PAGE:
BYRD'S DIARY OF NORTH POLE FLIGHT FOUND IN UNIVERSITY ARCHIVES
COLUMBUS, Ohio -- Exactly 70 years after famed explorer
Admiral Richard E. Byrd claimed to have been the first to fly
over the North Pole, Ohio State University archivists announced
that they'd found Byrd's diary which gives the clearest picture
yet of what happened during that famous flight.
While Byrd has long been credited as being the first to
reach the pole, some scholars dispute that claim. Some suggest
he never reached the pole during his flight. Some have argued
that Byrd simply took off and flew around long enough to have
made the trip to the pole and then returned.
The newly found diary shows conclusively that Byrd believed
he had actually reached the pole at the time of the flight. But
a review of the material by one outside expert also suggests Byrd
never reached his goal.
The diary, a weathered 8-by-9-inch brown notebook, was
hidden among the Byrd materials maintained by Ohio State. Chief
archivist Raimund Goerler found the diary while searching through
a box of artifacts in the collection.
Goerler thinks the diary is significant in several ways:
-- It offers proof that Byrd thought he had reached the
North Pole at the time of the flight Because of the noise in the
plane's cabin, all communication was written in the diary and
passed between Byrd and his pilot, Floyd Bennett, the only people
on the flight.
-- The diary also describes the preparations Byrd made for
his flight, as well as personal observations about other
explorers of the time -- Donald MacMillan and Roald Amundsen.
Amundsen, a Norwegian explorer, was preparing to fly a dirigible
over the North Pole at the same time Byrd was attempting his
flight. Amundsen reached the pole on May 12.
-- Byrd used the same diary to record the flight he made a
year later (1927) across the Atlantic Ocean only 40 days after
Charles Lindbergh became the first pilot to make the
Byrd and Bennett flew north from Kingsbay, Spitzbergen, on
May 9, 1926, aboard a Fokker trimotor aircraft, the Josephine
Ford. He intended to drop hundreds of small American flags as he
passed over the pole, marking it in hopes that Amundsen would
confirm his accomplishment when the Norwegian reached the pole a
few days later.
Byrd's notes in the diary indicated that he thought he and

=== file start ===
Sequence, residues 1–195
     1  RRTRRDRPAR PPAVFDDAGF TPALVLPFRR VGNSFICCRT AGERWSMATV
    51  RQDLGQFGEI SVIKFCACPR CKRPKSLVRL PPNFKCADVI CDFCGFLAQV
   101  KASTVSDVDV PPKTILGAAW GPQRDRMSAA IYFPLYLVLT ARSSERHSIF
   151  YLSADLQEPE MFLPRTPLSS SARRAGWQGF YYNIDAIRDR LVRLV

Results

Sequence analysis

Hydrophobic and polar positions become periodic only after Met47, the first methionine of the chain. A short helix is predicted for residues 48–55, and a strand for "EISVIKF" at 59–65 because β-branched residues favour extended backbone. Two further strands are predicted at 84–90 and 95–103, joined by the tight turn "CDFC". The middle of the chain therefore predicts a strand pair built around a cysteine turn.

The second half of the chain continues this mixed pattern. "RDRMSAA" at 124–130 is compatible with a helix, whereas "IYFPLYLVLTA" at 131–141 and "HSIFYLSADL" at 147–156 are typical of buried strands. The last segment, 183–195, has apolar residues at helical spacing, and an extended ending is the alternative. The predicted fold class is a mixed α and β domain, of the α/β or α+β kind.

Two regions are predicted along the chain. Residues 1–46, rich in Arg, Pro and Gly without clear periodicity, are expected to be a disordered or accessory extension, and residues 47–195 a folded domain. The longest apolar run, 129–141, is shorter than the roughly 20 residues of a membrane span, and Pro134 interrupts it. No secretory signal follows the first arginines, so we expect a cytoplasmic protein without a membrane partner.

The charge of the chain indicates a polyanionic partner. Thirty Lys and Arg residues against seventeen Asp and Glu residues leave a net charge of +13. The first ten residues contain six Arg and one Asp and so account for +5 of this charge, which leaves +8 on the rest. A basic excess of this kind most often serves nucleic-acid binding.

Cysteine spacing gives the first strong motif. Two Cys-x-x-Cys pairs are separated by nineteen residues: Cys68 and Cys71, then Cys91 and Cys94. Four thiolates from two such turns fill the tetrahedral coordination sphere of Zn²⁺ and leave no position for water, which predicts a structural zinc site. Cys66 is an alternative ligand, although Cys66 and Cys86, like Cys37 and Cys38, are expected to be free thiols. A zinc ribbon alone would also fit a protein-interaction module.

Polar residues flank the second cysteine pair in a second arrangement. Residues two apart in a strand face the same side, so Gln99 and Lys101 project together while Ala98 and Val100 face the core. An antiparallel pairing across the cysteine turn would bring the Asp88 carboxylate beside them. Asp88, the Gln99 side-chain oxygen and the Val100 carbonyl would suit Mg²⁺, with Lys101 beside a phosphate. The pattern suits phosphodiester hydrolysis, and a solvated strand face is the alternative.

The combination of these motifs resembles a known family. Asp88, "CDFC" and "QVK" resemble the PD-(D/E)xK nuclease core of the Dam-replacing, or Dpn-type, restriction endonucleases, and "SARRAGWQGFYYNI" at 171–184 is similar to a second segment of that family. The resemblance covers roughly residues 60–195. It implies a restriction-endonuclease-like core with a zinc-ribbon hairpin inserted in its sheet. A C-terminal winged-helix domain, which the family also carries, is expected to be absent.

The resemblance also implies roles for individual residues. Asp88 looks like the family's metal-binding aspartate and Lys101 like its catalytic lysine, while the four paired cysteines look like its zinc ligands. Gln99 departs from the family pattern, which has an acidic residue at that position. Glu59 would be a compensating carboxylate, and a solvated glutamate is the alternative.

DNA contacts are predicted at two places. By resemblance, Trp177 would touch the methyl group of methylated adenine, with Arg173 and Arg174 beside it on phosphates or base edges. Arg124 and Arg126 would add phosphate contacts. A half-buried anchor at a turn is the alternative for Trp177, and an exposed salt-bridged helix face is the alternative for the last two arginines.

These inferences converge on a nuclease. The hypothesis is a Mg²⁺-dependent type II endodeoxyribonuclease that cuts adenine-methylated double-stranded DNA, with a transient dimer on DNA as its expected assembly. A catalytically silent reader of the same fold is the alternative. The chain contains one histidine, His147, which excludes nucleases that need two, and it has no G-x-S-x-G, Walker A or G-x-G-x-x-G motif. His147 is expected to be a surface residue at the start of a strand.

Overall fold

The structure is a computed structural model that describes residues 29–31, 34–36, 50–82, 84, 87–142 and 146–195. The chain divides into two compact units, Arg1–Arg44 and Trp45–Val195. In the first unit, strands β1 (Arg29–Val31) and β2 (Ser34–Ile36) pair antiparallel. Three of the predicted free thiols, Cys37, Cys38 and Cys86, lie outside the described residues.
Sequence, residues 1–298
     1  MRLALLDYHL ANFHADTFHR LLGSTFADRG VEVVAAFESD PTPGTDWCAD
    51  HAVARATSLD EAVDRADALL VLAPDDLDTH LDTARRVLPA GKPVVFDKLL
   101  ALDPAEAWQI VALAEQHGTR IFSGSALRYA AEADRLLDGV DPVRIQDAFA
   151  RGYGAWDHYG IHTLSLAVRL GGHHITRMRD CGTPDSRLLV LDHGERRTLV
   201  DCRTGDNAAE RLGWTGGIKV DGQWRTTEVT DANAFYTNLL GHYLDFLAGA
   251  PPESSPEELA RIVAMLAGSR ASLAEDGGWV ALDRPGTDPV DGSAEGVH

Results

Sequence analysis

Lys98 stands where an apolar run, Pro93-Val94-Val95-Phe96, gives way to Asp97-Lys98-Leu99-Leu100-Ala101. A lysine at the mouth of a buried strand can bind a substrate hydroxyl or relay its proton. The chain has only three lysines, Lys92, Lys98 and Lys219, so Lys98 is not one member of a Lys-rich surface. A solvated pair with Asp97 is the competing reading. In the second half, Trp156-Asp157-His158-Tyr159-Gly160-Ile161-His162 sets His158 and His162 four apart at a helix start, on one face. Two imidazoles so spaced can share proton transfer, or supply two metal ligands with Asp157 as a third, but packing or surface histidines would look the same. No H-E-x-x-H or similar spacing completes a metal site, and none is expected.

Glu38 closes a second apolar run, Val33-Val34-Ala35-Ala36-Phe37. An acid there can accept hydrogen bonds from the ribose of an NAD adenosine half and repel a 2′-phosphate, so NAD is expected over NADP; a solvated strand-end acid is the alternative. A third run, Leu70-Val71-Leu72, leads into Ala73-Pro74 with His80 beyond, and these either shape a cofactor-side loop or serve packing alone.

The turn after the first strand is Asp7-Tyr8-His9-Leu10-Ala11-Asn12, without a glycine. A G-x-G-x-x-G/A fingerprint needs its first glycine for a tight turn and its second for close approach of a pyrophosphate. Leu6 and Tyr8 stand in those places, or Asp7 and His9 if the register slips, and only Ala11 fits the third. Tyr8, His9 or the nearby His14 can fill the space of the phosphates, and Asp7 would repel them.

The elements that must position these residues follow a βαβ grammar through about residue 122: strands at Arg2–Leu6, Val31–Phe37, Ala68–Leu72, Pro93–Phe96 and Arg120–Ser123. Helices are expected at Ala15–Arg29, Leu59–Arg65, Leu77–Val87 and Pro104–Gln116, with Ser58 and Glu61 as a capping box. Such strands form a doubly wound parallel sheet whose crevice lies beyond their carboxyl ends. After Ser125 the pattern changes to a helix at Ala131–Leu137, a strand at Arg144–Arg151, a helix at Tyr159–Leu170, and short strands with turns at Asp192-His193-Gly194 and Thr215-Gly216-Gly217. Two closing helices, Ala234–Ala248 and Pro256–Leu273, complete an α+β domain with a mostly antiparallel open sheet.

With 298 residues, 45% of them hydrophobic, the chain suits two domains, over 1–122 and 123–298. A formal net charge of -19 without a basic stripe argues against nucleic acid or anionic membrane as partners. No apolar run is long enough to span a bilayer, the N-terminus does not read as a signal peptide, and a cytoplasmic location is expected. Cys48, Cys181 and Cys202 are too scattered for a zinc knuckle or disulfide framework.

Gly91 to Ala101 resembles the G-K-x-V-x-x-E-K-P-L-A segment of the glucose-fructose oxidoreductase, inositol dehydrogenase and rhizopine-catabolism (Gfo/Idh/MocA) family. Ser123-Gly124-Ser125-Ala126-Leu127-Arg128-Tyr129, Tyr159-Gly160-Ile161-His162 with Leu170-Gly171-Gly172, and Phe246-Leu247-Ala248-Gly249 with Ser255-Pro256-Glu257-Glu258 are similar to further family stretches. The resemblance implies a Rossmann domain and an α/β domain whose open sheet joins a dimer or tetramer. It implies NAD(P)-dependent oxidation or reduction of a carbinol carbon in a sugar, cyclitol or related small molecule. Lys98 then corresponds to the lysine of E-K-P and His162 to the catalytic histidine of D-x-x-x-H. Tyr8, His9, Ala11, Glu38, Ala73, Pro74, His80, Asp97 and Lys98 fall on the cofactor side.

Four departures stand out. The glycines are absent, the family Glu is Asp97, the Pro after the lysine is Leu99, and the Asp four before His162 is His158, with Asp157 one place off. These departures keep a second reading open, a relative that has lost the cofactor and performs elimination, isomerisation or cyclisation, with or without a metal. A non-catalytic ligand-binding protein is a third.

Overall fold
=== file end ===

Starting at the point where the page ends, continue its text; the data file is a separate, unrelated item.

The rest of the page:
Bennett were within 20 miles of the pole just before one of the
plane's engines developed an oil leak. Some time after that,
Bennett and Byrd turned the plane around and headed back to
Spitzbergen. For some reason, Byrd did not drop the flags at the
pole as he had intended, and his claims of having reached the
pole were weakened by that failure.
Shortly after Byrd Center archivist Goerler discovered the
diary, he contacted Dennis Rawlins, an independent researcher who
who has written extensively on Admiral Byrd, inviting him to Ohio
State to inspect the notebook and analyze the evidence it
contained. Rawlins has previously argued that the explorer had
failed in his mission.
In his lengthy report to the university, Rawlins concluded
that any suggestion that Byrd tried to deceive the public with
the flight "now appears most likely to be false." Goerler
agrees saying that the idea that Byrd just took off and flew
around Spitzbergen instead of heading to the pole is clearly
Rawlins called the finding of the diary "one of the most
remarkable discoveries in the history of polar archival
research," and commended the university for its openness in
making the new find available for study by scholars.
The Byrd collection consists of two acquisitions, the first
in 1985 and the second in 1990, and fills 523 cubic feet of
space. one of the largest collections of polar records in the
world. The Byrd Polar Research Center on campus was named for
the late explorer as a lasting memorial at the time the
collection came to Ohio State.
Contact: Raimund Goerler, university archivist, (614)292-2409;
Ken Jezek, director of the Byrd Polar Research Center, (614) 292-
6531); or Dennis Rawlins, (410) 889-1414.
[Submitted by: Von Reid-Vargas (firstname.lastname@example.org)
Thu, 9 May 1996 12:10:41 -0400]
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